SOFIA, Bulgaria — God is love, but too many Christians live their faith in a way that undermines any attempt to communicate that essential fact to others, Pope Francis said.
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Celebrating a late afternoon Mass May 5 in Sofia's Battenberg Square, the pope wore over his chasuble a gold-embroidered, Byzantine-style stole given to him that morning by Prime Minister Boyko Borissov.
The pope's homily focused on the day's Gospel reading about the disciples' miraculous catch of fish after the risen Jesus told them to try again even though they had caught nothing all night.
After the resurrection, the pope noted, "Peter goes back to his former life" as a fisherman and the other disciples go with him.
"The weight of suffering, disappointment and of betrayal had become like a stone blocking the hearts of the disciples," he said. "They were still burdened with pain and guilt, and the good news of the Resurrection had not taken root in their hearts."
When things don't go the way people plan and hope, the pope said, it is natural for them to wish things could go back to the way they were and to just give up on hoping for something new and powerful.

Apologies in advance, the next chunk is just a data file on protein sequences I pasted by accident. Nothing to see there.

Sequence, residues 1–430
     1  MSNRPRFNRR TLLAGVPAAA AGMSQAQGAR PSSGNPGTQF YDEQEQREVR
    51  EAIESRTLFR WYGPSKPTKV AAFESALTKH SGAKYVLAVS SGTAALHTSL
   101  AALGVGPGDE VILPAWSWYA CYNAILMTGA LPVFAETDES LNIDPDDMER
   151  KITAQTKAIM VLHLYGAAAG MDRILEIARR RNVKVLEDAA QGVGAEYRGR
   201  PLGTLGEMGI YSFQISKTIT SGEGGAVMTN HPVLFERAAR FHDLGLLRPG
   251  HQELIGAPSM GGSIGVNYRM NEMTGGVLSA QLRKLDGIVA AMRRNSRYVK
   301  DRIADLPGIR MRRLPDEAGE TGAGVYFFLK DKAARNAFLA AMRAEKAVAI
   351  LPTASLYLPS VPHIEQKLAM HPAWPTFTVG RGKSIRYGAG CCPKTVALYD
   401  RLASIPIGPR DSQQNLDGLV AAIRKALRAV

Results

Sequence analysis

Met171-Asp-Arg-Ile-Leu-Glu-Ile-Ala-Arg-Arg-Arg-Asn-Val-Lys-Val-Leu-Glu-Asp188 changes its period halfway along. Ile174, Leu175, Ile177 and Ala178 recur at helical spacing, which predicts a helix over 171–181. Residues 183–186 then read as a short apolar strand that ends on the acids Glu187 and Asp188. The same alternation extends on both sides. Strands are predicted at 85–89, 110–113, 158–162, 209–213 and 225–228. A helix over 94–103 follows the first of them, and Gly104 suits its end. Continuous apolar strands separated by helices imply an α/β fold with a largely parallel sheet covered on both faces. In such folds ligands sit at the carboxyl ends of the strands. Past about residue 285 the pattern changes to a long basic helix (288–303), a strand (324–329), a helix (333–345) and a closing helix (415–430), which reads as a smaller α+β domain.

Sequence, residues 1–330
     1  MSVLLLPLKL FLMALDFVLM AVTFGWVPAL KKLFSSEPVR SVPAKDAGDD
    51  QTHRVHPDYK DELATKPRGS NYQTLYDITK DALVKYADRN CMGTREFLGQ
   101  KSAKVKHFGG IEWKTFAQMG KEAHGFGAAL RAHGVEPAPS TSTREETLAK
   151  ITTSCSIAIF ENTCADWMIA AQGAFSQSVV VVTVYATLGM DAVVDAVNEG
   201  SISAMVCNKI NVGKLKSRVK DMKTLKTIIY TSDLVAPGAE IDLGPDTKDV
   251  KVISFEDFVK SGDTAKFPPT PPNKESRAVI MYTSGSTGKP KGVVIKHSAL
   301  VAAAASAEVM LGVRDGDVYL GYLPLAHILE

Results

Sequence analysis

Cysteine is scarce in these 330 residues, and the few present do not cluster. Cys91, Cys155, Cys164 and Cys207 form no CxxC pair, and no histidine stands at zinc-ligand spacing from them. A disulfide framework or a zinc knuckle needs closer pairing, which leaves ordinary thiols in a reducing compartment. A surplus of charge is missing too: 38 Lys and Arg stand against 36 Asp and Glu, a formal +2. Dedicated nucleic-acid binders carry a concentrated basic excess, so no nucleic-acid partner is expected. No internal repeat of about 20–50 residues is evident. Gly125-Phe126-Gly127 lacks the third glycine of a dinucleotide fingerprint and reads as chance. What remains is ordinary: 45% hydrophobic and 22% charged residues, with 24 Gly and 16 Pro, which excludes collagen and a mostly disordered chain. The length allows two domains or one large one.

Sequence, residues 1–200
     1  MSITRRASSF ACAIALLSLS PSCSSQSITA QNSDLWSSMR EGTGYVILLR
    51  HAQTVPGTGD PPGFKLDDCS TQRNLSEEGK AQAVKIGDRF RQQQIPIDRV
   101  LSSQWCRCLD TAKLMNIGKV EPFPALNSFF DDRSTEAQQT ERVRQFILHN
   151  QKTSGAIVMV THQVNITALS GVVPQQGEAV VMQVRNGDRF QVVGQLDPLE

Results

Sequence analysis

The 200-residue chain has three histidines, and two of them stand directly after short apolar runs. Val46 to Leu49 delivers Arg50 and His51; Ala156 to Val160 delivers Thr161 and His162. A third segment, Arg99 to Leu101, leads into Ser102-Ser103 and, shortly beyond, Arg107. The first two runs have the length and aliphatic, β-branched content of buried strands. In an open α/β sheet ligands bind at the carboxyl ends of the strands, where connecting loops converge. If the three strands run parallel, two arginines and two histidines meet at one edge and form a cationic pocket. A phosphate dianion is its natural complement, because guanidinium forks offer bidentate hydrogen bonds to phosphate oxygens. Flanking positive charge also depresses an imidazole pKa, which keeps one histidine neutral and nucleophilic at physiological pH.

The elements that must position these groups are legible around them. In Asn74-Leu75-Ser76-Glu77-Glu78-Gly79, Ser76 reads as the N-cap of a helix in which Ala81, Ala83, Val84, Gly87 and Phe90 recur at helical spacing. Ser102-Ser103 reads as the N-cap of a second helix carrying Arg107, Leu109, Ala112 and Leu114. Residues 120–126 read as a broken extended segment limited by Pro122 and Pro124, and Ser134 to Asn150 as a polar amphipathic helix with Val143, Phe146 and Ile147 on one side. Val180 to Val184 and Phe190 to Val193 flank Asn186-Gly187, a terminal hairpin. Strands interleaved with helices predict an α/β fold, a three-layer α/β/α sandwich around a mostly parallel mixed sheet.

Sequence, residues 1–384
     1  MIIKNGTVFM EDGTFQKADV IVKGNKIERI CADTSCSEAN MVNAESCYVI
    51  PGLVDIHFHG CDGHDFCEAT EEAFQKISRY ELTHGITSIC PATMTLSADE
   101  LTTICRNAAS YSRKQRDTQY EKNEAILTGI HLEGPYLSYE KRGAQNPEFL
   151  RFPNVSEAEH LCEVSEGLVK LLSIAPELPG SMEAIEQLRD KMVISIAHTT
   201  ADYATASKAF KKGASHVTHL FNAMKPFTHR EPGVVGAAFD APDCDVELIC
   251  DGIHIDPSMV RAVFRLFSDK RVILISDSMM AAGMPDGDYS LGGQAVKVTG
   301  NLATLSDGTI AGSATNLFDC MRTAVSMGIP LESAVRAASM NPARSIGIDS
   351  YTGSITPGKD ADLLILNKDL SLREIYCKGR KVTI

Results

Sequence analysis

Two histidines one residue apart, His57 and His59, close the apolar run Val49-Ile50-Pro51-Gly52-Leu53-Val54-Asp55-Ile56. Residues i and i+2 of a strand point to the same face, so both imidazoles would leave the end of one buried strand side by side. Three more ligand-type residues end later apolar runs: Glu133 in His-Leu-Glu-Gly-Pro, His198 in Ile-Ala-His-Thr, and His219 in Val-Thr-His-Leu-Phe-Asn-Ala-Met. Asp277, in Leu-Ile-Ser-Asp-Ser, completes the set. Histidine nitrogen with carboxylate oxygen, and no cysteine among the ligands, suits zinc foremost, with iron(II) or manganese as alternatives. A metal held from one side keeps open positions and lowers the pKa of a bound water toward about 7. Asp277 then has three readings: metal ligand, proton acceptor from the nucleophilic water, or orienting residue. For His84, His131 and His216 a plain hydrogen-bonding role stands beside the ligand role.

"This is the 'tomb psychology' that tinges everything with dejection and leads us to indulge in a soothing sense of self-pity," Pope Francis said. But the resurrection of Jesus makes clear that a "tomb psychology" is not compatible with a Christian outlook.
However, the pope said, even when Peter seems about to give up, Jesus comes to him, calls him again and reconfirms his mission.
"The Lord does not wait for perfect situations or frames of mind; he creates them," Pope Francis told the estimated 7,000 people gathered for the Mass. Jesus "does not expect to encounter people without problems, disappointments, sins or limitations," but he encourages and loves and calls people to start over again.
"God calls and God surprises because God loves," he said. "Love is his language."
Christians draw strength from knowing God loves them and that love must motivate them to love others as they try to share the Christian message, the pope said.
With papal trips always described as visits to confirm Catholics in the faith, Pope Francis used his homily to encourage Bulgaria's 68,000 Catholics — just 1 percent of the population — to acknowledge the wonders God has done for them and to set out again on mission, "knowing that, whether we succeed or fail, he will always be there to keep telling us to cast our nets."
Thirty years after the fall of communism and the breakup of the Soviet bloc, the pope called Bulgarian Catholics to a "revolution of charity and service, capable of resisting the pathologies of consumerism and superficial individualism," and instead sharing the love of Christ.